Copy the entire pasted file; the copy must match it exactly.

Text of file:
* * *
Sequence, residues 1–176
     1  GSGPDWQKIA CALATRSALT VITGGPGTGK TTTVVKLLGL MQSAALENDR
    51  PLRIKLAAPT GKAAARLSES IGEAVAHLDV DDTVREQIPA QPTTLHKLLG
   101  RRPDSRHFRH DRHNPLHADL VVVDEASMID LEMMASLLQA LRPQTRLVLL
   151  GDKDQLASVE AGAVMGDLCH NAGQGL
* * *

Sequence, residues 1–176
     1  GSGPDWQKIA CALATRSALT VITGGPGTGK TTTVVKLLGL MQSAALENDR
    51  PLRIKLAAPT GKAAARLSES IGEAVAHLDV DDTVREQIPA QPTTLHKLLG
   101  RRPDSRHFRH DRHNPLHADL VVVDEASMID LEMMASLLQA LRPQTRLVLL
   151  GDKDQLASVE AGAVMGDLCH NAGQGL